I made most of my selections from this postcard book based on the outfits. But in a few cases, like this one, I just loved the lady’s expression!
Lelong tailored suit, Spring/Summer 1915
As you may know, Lucien Lelong was a Paris couturier from the 1910’s through 1952. Early clients included Greta Garbo, Gloria Swanson and Colette. Later, during the Nazi occupation of Paris, the regime began to confiscate production machinery, fabrics, patterns, and records, planning to move the world’s fashion capital to Berlin. They planned to relocate French designers too, to train German and Austrian dressmakers so that they would become the world’s new generation of designers. Many couturiers, like Schiaparelli, relocated to the United States, while others, like Vionnet, simply closed. As head of the city’s fashion house guild, it was up to Lucien Lelong to negotiate with the Reich if fashion was to remain in Paris. He intimidated the occupiers by describing the complexity of the business, how it couldn’t possibly be taught in a few years and how the sensibility was linked to the place. Lelong also browbeat them into leaving Paris ateliers enough fabric to maintain production, and reduced the percent of Paris garment workers the Nazi’s conscripted for labor. The occupiers had wanted to force 80% of garment workers to quit their jobs and work for the regime. Lelong got it down to 5%. And so hundreds of jobs were spared, and a pillar of French culture came out of the war alive. Not a designer, but a business man with a great eye, Lelong went on to employ France’s most promising designers, including Christian Dior, Pierre Balmain and Hubert de Givenchy.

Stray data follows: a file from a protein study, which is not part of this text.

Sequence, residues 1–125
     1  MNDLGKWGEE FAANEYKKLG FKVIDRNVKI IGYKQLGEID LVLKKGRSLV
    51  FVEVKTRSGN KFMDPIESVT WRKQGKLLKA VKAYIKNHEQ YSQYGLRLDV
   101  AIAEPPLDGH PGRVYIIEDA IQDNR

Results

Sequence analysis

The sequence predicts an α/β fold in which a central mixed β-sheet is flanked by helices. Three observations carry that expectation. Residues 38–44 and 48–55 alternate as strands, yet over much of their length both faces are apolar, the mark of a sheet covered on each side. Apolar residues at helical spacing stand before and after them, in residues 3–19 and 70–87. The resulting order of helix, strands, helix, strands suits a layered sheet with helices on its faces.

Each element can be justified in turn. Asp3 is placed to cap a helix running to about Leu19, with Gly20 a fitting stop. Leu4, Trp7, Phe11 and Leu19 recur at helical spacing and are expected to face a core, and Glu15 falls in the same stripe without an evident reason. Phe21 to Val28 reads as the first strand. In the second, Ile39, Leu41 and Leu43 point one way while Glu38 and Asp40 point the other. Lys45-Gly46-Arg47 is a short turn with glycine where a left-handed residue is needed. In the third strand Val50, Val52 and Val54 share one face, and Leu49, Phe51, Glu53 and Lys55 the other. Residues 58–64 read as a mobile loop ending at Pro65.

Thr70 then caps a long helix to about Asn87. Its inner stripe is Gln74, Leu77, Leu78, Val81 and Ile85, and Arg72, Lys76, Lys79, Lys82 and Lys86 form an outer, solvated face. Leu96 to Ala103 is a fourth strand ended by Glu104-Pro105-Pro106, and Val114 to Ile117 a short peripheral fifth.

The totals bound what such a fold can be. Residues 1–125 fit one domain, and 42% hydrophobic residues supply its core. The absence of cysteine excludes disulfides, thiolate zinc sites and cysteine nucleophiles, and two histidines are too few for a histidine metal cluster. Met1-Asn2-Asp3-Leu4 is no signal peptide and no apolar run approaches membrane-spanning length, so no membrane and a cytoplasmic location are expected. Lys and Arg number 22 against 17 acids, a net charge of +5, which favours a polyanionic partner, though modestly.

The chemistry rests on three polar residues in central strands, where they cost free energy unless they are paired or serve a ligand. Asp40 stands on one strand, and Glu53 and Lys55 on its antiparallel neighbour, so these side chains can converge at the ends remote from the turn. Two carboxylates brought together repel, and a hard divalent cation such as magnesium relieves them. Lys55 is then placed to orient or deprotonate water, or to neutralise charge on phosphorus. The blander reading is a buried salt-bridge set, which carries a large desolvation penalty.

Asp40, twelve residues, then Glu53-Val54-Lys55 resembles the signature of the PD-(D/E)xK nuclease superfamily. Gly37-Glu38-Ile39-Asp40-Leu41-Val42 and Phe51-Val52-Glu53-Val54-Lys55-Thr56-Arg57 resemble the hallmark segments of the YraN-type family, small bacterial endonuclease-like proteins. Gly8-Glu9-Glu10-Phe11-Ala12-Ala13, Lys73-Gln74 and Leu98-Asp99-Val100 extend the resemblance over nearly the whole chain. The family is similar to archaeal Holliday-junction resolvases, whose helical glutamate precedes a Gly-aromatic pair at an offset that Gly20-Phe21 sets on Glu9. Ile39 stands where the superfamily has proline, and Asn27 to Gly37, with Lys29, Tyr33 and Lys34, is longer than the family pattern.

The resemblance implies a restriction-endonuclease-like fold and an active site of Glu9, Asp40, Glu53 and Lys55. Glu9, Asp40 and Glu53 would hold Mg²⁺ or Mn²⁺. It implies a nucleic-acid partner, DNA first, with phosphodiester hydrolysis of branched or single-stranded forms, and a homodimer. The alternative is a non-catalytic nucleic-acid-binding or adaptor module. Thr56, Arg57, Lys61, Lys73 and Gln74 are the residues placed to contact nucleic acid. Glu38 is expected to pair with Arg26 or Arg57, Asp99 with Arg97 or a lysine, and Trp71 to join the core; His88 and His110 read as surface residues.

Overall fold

Callot Soeurs evening gown, Fall 1915
Another French fashion house of the time you may know, is the daintily detailed Callot Soeurs (the designers being the four Callot sisters), which enjoyed a long heyday from 1895 through 1928. (Ownership then transferred to one of the sisters’ sons, continuing until 1937.)
Tailored suit, Spring/Summer 1915
The upper corner is signed “Cheriút.” I’ve never heard of this designer/fashion house, or maybe it’s the name of the design. I couldn’t find any “Cheriút” online, so if you know, please comment!Evening gown, Fall 1915
The upper corner says “Toujours Aimé” (Always Loved), apparently the name of the design.
Afternoon gown, Spring/Summer 1915
Another mysteriously signed “Cheriút.”
Au revoir, chéri!